Guest article provided by: By Chuck Bates, CCFC at Stegent Equity Advisors
Are you overwhelmed by the college financial planning process? Do you assume college debt is a rite of passage? Are you worried that it is too late to make any real impact?
These are three things I hear all the time. College planning and funding seem to be more intimidating than buying a house or paying taxes. Maybe that is because people have CPAs or realtors to help with those tasks.
You can overcome all these concerns with some relatively easy planning. I will break it down into a few simple steps.
Determine your resources.
For example, what do you have in 529 plans? Can you fund some from cash flow? If your college-bound student was involved in family financed activities such as travel sports or competitive dance, can these funds be redirected toward education? Do you expect help from a relative? If so, how much?
What is your family’s opinion on loans? Will the student borrow? Will the parents borrow? If you borrow, set a maximum amount you are willing to borrow. A good suggestion is to borrow less than the first-year salary of your expected career.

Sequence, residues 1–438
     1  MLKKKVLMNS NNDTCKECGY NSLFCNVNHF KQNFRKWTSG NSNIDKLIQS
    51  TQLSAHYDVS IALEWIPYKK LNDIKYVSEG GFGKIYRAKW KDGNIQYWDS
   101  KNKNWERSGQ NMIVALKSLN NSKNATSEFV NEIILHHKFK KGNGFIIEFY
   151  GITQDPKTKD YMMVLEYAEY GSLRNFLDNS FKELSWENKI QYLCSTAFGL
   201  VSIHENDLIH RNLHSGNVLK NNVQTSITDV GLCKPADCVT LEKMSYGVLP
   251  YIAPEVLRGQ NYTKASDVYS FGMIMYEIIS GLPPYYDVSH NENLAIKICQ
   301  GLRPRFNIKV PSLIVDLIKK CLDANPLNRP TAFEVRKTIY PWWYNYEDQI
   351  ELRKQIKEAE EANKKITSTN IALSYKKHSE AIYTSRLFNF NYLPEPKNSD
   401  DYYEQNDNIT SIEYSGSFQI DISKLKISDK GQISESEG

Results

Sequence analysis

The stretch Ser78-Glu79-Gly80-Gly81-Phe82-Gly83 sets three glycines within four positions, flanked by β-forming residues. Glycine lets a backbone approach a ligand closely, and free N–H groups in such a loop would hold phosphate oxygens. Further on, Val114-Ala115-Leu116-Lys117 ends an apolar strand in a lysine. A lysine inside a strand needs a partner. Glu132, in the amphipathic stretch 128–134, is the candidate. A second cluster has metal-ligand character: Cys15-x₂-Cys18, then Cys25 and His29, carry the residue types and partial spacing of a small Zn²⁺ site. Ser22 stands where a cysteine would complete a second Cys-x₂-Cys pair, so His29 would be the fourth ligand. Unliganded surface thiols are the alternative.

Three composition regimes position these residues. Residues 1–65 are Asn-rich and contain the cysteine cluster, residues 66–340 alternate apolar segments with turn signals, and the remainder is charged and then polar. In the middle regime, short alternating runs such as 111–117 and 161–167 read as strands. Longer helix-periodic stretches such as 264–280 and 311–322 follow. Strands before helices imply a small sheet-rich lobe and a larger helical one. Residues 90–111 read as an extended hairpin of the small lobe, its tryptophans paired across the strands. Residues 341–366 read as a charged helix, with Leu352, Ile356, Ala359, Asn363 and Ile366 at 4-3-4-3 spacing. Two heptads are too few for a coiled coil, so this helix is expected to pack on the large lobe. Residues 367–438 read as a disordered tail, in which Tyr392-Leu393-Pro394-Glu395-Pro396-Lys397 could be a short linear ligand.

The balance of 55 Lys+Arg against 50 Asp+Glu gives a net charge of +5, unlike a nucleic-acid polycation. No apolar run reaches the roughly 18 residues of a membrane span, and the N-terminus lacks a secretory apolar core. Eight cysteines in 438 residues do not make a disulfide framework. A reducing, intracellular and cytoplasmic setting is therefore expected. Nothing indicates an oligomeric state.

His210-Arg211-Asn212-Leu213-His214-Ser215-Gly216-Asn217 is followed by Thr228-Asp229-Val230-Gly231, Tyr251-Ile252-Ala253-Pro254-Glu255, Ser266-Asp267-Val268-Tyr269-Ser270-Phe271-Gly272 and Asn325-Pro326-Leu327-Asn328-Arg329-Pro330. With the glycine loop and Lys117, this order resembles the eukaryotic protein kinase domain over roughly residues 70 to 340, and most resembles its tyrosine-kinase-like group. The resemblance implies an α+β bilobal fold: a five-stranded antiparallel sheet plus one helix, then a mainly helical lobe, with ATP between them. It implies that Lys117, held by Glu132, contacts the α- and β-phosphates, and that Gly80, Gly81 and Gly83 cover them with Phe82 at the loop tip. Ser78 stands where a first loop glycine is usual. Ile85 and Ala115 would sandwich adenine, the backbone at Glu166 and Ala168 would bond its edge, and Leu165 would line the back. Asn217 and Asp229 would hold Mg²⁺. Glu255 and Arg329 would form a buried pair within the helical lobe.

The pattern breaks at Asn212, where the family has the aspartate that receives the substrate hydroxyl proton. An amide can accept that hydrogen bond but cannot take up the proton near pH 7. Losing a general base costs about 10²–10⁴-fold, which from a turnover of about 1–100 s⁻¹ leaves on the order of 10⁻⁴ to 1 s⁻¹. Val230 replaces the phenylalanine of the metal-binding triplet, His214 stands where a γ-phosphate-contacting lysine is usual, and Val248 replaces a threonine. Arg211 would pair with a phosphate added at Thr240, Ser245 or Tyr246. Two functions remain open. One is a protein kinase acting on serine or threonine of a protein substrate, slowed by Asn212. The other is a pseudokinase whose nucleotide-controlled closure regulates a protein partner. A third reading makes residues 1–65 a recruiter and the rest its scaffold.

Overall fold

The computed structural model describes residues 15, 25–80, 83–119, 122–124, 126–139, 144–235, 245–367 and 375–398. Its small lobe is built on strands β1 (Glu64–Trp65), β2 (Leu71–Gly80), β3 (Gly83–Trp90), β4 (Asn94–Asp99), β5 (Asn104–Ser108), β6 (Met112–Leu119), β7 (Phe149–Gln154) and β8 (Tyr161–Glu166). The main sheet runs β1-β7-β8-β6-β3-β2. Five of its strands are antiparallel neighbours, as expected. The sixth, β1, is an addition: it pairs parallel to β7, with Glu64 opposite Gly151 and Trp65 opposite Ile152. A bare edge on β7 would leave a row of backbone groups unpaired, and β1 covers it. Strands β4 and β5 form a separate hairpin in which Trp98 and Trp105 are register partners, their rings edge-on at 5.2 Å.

If you cannot fund college from savings and cash flow, I believe 33%/33%/33% from savings, cash flows, and loans is a healthy option to consider.
Sum the total of available resources. Try to shop for schools within your available resource number.
Find your Effective Family Contribution or EFC (soon to be SAI).
You can do this at the Stegent Equity Advisors, Inc. website. Alternatively, you can use one of the many EFC Calculators available via Google Search. EFC is an estimate of what schools and the government think your family can afford. It will vary from school to school, but this number is critical in determining aid.
Create a school list and find your net-cost for schools of interest.
Every college is required to have a net cost calculator on its website. These will give you an idea of the net-cost (after need or merit aid awards). You can use the Free College Money Report at Stegent Equity Advisors, Inc. to get the net-cost for your top 3 schools.
Make sure you compare “apples to apples” and shop based on each college’s net cost after need or merit aid.
Finally, if you have more questions or want more help, find a Certified College Financial Consultant (CCFC). Just like there are CPAs and realtors to help with the big-ticket items like taxes and homes, CCFC’s are experts on the in’s and out’s of college funding.
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